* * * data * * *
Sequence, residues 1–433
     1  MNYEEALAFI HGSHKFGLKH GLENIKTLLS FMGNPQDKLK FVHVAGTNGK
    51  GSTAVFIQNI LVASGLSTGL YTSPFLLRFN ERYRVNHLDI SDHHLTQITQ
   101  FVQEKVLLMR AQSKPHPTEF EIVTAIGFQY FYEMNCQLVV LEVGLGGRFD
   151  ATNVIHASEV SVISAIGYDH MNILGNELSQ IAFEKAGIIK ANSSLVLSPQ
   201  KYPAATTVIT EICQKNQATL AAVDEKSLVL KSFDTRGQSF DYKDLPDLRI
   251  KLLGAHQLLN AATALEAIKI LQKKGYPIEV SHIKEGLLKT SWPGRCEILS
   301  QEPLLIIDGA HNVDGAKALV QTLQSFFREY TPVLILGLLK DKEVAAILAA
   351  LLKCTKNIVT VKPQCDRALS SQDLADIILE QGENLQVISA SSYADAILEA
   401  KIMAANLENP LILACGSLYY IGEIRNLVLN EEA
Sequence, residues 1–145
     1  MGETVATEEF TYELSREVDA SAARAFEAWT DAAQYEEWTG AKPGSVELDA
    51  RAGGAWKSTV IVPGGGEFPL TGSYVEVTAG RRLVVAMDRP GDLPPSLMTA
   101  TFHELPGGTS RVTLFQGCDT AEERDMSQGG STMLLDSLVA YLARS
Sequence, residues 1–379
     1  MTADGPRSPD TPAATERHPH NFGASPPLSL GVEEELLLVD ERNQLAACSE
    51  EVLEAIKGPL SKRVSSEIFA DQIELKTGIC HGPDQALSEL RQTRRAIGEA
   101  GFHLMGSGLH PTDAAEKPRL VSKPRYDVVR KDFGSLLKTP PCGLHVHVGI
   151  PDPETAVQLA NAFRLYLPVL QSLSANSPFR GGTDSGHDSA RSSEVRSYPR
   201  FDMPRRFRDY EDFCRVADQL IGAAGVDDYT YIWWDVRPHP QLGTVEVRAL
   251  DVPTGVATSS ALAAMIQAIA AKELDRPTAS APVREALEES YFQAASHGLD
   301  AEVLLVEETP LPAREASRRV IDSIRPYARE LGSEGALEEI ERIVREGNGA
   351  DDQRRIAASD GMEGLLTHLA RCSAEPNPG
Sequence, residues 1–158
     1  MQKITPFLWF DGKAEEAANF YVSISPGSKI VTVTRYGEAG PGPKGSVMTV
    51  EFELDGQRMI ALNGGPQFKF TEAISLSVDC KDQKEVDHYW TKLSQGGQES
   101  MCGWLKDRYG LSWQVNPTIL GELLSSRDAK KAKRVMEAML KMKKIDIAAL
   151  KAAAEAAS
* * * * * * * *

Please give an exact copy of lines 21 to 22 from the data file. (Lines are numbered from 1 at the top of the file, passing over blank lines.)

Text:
   251  DVPTGVATSS ALAAMIQAIA AKELDRPTAS APVREALEES YFQAASHGLD
   301  AEVLLVEETP LPAREASRRV IDSIRPYARE LGSEGALEEI ERIVREGNGA